Are foreign governments blameless? Nope. Certainly China, Japan, and indeed most other major foreign economies have long pursued predatory trade strategies at the expense of America’s workers, its entire productive economy, and global financial stability. And Mexico has undoubtedly long been enabling emigration to the United States as a safety salve that’s kept it floating just above failed-state status.
But when it comes to the overwhelmingly third world-oriented thrust of American trade diplomacy since the North American Free Trade Agreement’s (NAFTA) pursuit began in the late 1980s, the leading culprits by far have been U.S. multinational corporations. These firms have become enamored with the idea of boosting profits by producing in very low-cost, virtually unregulated developing countries and selling much of that output in the very high price American market. And they know that trade deals are key to the resulting offshoring by virtually guaranteeing that the U.S. market will stay open to their foreign output even if the economy grows too weak to absorb them painlessly.
The immigration story is more complicated, since much of the Open Borders pressure has come from an alliance of Democratic Party politicians seeking huge new constituencies for their Big Government programs and labor unions seeking huge new pools of dues-paying recruits. But certainly while stumping for Republican primary votes, the corporate cheap labor lobby should be targeted for many of his immigration slings and arrows. And if Trump somehow makes it into the general election, he could attract lots of independents and even some of organized labor’s socially and culturally conservative, and economically stressed, rank and file with this genuinely populist message.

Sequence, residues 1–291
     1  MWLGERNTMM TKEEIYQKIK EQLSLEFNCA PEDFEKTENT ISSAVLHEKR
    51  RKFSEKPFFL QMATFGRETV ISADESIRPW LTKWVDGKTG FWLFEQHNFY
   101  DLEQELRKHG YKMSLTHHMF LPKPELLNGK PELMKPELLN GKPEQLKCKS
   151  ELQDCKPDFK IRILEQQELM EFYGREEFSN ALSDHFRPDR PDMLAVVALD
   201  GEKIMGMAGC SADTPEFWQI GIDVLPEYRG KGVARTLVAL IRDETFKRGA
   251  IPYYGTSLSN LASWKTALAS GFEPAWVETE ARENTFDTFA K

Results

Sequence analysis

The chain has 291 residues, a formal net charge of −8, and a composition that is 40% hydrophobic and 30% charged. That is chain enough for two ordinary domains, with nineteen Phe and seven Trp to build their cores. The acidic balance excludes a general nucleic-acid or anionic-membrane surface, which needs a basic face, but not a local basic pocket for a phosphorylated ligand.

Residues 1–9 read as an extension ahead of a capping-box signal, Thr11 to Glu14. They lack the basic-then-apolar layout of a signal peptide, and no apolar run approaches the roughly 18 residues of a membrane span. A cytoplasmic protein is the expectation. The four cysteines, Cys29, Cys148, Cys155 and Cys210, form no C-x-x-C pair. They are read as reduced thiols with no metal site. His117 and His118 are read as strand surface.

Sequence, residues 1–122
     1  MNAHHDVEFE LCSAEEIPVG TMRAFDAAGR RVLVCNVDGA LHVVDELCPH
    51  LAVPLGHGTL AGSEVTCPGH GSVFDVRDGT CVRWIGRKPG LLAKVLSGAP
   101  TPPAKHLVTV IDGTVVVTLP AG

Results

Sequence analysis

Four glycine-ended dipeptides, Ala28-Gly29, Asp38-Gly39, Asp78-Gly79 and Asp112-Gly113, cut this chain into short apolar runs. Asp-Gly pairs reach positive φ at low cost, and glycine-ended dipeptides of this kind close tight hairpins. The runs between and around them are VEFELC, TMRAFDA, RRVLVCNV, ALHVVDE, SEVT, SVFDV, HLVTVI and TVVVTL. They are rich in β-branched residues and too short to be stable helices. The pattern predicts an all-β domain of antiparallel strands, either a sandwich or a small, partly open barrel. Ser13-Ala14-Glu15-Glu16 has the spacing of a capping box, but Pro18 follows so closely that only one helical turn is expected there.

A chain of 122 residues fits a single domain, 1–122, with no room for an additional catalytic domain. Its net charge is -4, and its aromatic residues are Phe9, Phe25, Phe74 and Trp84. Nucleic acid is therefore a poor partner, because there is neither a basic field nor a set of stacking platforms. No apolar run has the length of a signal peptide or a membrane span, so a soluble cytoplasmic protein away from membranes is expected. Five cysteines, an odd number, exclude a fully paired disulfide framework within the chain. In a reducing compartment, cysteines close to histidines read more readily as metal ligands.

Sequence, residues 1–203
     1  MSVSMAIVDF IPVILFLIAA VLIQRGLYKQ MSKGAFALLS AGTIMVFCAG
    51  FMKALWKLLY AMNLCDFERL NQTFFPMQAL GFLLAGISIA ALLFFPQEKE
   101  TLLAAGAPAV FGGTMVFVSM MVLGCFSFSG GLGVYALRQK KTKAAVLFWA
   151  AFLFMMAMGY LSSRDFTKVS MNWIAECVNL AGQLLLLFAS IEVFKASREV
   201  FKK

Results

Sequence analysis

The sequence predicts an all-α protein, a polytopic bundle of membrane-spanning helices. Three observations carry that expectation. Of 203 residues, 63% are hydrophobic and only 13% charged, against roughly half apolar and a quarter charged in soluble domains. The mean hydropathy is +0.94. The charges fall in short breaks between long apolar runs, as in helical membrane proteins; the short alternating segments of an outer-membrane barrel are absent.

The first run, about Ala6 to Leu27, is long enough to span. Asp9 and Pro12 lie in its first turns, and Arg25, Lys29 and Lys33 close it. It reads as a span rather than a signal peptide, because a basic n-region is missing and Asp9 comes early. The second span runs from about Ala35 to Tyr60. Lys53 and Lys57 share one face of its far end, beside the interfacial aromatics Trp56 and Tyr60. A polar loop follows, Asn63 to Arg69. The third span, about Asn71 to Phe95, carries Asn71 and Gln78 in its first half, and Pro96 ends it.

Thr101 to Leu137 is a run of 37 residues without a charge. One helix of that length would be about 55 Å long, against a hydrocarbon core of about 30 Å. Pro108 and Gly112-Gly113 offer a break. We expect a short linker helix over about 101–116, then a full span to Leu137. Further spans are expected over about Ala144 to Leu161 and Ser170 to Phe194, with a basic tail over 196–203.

In fact, Trump could throw his media and chattering class detractor for a total loop – and excite big chunks of the electorate across the spectrum even more – by turning his very wealth into a political asset. Like the Roosevelts before him, he could conspicuously turn on his fellow one percenters and rail against “economic royalists” and “malefactors of great wealth.”
And he could (legitimately) maintain conservative/free market bona fides by noting that urging strengthening the productive sectors of the American economy and therefore the earnings power of the nation’s workers amounts to a growth recipe that doesn’t require either (a) more government spending; or (b) tax cuts that simply aren’t affordable given still-towering budget deficits and a national debt that will grow further once further demographic changes trigger more entitlement spending.